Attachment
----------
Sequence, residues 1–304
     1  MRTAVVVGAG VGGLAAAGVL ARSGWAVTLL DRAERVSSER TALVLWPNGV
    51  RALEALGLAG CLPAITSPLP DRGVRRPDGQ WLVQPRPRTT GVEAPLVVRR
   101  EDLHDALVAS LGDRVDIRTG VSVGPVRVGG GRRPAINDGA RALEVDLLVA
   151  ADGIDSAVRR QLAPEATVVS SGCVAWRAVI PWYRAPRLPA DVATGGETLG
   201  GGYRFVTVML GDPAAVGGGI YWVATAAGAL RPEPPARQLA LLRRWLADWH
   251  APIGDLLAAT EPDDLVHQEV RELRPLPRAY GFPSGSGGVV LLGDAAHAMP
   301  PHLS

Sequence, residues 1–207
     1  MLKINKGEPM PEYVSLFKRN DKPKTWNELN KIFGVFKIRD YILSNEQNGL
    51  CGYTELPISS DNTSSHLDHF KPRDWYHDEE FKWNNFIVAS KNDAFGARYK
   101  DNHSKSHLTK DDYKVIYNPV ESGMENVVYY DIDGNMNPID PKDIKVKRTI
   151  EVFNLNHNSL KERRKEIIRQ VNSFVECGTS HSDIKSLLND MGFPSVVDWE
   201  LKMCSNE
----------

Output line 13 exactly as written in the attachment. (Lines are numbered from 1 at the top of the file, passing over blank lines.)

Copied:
   151  EVFNLNHNSL KERRKEIIRQ VNSFVECGTS HSDIKSLLND MGFPSVVDWE